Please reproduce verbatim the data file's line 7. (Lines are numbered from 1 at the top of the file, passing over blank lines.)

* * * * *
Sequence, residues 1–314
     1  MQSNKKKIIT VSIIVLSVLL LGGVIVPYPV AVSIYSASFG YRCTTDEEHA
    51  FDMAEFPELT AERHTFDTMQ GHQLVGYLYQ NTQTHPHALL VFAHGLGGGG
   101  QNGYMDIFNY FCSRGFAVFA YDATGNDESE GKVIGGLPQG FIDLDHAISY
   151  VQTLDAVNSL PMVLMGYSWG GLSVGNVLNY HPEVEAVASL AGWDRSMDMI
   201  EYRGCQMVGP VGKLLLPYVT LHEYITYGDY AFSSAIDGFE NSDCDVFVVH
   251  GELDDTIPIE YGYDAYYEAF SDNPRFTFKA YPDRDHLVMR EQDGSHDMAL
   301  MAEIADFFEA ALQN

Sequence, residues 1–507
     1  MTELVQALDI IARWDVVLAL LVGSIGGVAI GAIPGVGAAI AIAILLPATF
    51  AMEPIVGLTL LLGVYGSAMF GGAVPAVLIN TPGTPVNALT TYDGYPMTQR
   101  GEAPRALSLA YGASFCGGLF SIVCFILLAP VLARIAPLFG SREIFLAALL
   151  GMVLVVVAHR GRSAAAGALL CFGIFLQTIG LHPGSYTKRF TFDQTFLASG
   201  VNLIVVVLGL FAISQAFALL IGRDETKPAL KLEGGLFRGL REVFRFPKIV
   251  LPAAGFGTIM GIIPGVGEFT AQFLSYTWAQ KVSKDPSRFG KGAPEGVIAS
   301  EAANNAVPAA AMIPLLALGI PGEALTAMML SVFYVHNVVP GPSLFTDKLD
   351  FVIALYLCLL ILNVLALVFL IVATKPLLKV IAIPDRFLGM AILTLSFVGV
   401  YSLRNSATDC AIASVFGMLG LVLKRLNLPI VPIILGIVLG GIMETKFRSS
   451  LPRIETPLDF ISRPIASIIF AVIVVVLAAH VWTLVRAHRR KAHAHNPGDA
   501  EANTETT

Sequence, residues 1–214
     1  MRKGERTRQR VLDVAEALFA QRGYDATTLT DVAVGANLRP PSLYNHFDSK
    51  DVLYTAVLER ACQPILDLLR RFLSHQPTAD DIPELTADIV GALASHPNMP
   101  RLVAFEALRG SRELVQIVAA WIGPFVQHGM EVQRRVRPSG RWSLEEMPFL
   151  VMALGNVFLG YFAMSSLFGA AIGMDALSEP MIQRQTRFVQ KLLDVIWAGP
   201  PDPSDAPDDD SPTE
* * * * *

   251  GELDDTIPIE YGYDAYYEAF SDNPRFTFKA YPDRDHLVMR EQDGSHDMAL